Burgin property owners who have failed to connect to the city’s sanitary sewer system will soon be getting notices from the Mercer County Sanitation District.
The District will begin sending out the letters at the end of October, said Executive Director Mike Sanford. Those who fail to comply could face substantial penalties, including fines and possible jail time.
At the end of the month, the District will also start mailing notices to the final group of property owners informing them they need to connect to the system. While a lot of property owners have had their tap-on fees waived, half of the first group, around 50 property owners, have not complied. Sanford said around 20 people are waiting on plumbing contractors.
He said about 100 people have connected to the system so far. The District’s attorney, Larry Catlett, said he has been “inundated” with requests for waivers to the tap-on fees.
One of the biggest issues concerning the sewer system is the cost. The minimum fee is $40 for 2,000 gallons. Burgin City Councilman Sindicat “Sid” Dunn has repeatedly asked the District to lower the rates, which were based on the repayment of the $9.2 million funding package to the U.S. Department for Housing and Urban Development, USDA Rural Development and the U.S. Department of Commerce Economic Development Administration.
After consideration, the District has decided to begin a sewer rate survey. The survey will start at the end of October and last through June 2018. Sanford noted that the operations of the District have changed dramatically since 2009 and that there are more suitable rate structure options available.
Any potential reduction in the minimum rate must be approved by the USDA, the Kentucky Infrastructure Authority and the Mercer County Fiscal Court.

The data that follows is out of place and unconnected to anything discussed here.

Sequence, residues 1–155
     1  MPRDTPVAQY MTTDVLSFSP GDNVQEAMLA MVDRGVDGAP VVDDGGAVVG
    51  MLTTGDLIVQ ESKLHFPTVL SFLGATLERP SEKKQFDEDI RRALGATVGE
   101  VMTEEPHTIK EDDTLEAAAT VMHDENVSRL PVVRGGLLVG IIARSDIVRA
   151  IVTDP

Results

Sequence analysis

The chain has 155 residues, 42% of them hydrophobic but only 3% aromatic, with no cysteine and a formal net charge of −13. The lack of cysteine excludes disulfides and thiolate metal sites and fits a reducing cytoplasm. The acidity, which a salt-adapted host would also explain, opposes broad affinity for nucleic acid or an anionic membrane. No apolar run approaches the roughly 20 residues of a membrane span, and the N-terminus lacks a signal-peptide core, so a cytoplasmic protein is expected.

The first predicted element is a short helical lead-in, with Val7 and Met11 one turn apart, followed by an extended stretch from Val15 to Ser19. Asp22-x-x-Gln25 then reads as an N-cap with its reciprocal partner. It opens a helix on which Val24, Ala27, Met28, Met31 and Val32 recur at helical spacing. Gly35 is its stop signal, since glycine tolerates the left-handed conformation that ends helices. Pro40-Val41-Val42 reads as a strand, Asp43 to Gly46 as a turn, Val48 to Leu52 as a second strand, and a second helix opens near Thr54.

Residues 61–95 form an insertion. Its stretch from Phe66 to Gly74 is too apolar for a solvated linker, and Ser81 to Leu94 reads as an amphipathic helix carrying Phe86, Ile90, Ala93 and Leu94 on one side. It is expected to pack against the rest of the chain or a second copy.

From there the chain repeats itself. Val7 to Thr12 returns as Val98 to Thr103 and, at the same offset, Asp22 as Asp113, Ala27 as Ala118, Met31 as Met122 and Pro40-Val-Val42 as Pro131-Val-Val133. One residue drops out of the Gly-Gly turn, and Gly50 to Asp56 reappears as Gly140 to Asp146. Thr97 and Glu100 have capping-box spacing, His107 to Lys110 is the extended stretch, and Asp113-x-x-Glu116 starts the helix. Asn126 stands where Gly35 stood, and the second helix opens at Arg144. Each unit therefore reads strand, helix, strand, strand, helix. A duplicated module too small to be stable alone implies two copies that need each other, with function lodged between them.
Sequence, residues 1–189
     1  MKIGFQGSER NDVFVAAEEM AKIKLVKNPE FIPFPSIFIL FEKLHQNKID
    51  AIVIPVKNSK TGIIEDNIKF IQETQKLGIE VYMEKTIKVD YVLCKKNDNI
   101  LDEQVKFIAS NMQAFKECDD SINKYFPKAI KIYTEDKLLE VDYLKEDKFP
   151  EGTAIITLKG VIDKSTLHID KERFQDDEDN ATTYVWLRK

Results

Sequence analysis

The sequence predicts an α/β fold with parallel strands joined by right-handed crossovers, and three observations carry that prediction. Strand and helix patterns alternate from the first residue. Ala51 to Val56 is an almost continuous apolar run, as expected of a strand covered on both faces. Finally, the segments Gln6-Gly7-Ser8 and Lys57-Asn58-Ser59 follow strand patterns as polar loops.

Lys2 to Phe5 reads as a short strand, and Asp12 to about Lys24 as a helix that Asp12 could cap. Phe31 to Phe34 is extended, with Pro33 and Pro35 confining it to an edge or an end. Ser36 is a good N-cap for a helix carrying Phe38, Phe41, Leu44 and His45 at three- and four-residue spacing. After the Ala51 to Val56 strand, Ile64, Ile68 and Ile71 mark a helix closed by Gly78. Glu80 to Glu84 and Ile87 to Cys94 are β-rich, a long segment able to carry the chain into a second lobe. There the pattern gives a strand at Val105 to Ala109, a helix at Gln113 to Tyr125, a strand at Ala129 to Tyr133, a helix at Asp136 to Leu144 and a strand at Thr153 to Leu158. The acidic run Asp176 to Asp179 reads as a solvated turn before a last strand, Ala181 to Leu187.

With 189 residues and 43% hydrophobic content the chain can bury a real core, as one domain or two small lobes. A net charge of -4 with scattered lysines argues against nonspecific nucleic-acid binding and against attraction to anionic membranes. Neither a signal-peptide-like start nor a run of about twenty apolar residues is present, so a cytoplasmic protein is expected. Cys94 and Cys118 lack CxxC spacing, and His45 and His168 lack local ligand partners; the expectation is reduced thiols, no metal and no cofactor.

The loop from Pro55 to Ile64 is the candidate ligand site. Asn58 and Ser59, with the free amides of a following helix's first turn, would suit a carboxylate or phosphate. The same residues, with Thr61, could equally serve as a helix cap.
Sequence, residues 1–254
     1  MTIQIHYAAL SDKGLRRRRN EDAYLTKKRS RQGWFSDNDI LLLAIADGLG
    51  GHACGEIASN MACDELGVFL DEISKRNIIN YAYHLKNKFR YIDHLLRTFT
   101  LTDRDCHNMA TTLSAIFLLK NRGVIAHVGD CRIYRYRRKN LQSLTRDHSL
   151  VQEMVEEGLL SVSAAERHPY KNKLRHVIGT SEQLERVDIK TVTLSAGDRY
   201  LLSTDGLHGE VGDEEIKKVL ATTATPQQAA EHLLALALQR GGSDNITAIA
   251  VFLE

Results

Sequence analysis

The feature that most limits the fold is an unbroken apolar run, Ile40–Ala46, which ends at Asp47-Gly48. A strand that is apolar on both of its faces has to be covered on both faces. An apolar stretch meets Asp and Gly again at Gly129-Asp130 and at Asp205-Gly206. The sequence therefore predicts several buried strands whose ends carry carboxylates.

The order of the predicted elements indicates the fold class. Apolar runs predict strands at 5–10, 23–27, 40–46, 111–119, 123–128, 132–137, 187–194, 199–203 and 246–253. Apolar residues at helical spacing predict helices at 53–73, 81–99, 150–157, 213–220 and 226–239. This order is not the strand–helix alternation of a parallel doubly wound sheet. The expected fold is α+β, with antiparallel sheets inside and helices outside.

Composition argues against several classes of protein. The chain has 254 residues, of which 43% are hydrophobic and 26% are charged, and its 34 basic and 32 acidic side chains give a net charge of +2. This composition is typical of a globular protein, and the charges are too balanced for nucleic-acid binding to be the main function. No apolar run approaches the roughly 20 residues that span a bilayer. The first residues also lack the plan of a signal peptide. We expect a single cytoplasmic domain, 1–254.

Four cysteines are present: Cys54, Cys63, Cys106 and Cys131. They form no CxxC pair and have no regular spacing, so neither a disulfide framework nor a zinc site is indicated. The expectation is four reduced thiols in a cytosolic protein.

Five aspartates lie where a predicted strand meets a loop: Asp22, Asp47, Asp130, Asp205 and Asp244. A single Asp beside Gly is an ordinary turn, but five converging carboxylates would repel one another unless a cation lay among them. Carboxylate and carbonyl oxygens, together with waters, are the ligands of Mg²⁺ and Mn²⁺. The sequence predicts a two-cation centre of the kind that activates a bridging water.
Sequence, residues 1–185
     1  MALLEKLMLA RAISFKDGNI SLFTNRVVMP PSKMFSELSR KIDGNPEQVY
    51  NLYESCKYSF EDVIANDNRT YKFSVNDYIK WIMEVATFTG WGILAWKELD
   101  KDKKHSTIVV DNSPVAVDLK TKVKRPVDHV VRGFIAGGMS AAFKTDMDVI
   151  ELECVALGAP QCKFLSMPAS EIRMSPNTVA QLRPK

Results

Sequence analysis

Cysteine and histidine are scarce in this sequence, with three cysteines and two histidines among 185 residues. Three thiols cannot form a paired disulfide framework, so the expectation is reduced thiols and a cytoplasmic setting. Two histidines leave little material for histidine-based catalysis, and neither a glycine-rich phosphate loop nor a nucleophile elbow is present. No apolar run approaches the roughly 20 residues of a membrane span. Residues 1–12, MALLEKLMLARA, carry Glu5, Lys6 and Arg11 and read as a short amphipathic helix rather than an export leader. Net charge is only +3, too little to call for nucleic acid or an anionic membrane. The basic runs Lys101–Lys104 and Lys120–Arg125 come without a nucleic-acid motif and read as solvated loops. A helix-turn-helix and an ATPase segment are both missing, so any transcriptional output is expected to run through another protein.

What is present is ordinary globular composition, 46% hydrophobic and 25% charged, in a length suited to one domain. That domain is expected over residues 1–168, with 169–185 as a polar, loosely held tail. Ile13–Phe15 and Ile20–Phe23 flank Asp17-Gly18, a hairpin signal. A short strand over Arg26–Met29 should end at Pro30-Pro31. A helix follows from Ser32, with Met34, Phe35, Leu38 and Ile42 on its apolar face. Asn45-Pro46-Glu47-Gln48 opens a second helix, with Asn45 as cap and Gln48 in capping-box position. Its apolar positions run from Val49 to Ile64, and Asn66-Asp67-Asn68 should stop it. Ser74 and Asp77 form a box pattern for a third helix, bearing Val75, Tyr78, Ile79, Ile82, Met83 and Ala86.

While two of the three contractors have either finished work on the project or are in process of cleaning up, Todd Johnson Contracting of Danville, who were awarded the $3.5 million contract to build a 25,000-foot gravity sewer main on South Main Street, said they need more time and more money. The contractor says work has been hampered by the need to dig through rock, but the District says the contractor started 70 days late and did not do their homework before starting construction.
“They created the problem by not showing up on time and not properly evaluating the job,” Catlett said.
The contractor’s claim for more time was denied. They have 30 days to respond. The District has asked Catlett to draft a formal statement laying out their position. Catlett advised the District to meet with the contractor to discuss the dispute. He also stressed the importance of creating a paper trail, basically laying out the District’s argument if the case goes to court.
“It won’t be fun but I think we can prevail,” Catlett said.
The Burgin sewer system is the biggest project the District has ever undertaken, but it’s not the only one.
To learn more, check out this week’s issue of The Harrodsburg Herald.